(iv) keeping options open will require support and encouragement for innovation in a broad range of energy technologies. The focus of UK policy should be to establish new sources of energy which are, or can be, low cost and low carbon;

(v) the immediate priorities of energy policy are likely to be most cost-effectively served by promoting energy efficiency and expanding the role of renewables. However, the options of new investment in nuclear power and in clean coal (through carbon sequestration) need to be kept open, and practical measures taken to do this;

(vi) the Government should use economic instruments to bring home the cost of carbon emissions to all energy users and enable UK firms to participate in international carbon trading. Achieving deep cuts in carbon would require action well beyond the electricity sector where cuts have been concentrated in recent years;

(vii) step changes in energy efficiency and vehicle efficiency are needed, with new targets for both. In the domestic sector, the Government should target a 20% improvement in energy efficiency by 2010 and a further 20% in the following decade;

(viii) the target for the proportion of electricity generated from renewable sources should be increased to 20% by 2020;

(ix) institutional barriers to renewable and combined heat and power investments should be addressed urgently; and

(x) the Government should create a new cross-cutting Sustainable Energy Policy Unit to draw together all dimensions of energy policy in the UK.

In the light of this review, the Government should initiate a national public debate about sustainable energy, including the roles of nuclear power and renewables.

Recent trends in energy markets have been benign for policy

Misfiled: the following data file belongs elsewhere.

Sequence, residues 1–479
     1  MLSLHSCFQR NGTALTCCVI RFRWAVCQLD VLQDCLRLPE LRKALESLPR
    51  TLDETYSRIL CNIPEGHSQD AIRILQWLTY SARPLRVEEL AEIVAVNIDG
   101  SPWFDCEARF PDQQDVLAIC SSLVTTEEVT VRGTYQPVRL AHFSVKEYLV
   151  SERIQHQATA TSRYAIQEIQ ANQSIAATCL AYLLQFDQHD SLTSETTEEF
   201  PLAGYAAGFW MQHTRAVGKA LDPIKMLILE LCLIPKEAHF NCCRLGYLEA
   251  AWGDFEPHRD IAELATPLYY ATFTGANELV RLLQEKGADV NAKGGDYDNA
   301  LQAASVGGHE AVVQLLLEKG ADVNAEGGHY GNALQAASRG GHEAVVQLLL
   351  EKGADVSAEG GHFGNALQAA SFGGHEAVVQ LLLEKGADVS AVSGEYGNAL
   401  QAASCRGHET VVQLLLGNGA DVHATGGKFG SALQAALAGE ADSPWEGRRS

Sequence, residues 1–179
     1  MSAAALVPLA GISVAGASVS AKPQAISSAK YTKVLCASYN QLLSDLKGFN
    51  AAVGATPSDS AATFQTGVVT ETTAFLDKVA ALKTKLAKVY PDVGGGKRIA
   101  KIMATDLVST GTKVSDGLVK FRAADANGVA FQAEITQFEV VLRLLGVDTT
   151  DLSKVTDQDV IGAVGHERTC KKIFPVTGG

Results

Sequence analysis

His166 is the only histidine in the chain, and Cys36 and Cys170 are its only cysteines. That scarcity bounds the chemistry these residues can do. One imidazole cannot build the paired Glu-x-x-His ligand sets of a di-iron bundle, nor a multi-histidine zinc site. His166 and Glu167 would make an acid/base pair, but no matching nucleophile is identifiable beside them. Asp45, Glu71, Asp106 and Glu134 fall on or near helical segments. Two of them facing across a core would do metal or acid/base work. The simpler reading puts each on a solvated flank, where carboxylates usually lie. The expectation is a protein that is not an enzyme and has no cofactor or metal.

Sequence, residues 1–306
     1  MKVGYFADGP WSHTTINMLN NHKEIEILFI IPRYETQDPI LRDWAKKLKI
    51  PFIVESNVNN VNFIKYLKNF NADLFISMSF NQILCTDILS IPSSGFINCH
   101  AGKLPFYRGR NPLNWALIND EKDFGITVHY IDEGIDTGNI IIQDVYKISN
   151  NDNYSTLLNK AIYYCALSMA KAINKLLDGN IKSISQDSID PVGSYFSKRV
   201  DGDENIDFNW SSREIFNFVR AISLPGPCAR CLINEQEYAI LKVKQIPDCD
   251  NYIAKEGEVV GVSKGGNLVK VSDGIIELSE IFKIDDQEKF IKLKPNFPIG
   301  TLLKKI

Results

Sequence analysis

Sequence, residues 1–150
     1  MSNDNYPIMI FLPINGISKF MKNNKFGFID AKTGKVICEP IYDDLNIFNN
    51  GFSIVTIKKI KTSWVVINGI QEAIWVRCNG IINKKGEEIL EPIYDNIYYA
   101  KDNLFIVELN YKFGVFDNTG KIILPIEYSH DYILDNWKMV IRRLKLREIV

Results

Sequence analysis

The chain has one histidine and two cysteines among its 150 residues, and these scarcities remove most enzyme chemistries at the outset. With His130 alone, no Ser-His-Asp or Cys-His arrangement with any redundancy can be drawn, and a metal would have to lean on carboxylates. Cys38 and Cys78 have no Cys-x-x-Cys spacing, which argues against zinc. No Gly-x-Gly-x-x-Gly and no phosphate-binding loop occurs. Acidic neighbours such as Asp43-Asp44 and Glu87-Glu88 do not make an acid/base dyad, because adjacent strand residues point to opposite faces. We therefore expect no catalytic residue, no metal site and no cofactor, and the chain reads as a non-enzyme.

In recent decades, the context for energy policy in the UK has been remarkably benign. The UK is currently one of just two G7 countries which is self-sufficient in energy. Energy prices have generally been falling in real terms, partly because world oil prices have fallen and partly because of the successful liberalisation of UK gas and electricity markets. UK industry and consumers, including the fuel poor, have gained. And the UK has found it easier than many other countries to achieve greenhouse gas reductions – the "dash for gas" in particular (which was driven by commercial decisions) reduced carbon emissions from electricity generation.

But the future context will be much more challenging

The future for energy policy seems likely to be much less benign for two reasons:

  • issues of energy security are likely to become more important. The UK will become increasingly dependent on imported oil and gas. And the Californian energy crisis has highlighted the importance of getting incentives for new investment in energy right;
  • the UK is likely to face increasingly demanding carbon reduction targets. A low carbon future, if it were to be adopted, could not be achieved on the basis of spontaneous changes within the energy system, especially when at present, one low carbon source, nuclear power, faces a progressive run-down as existing plant reach the end of their lives and are decommissioned.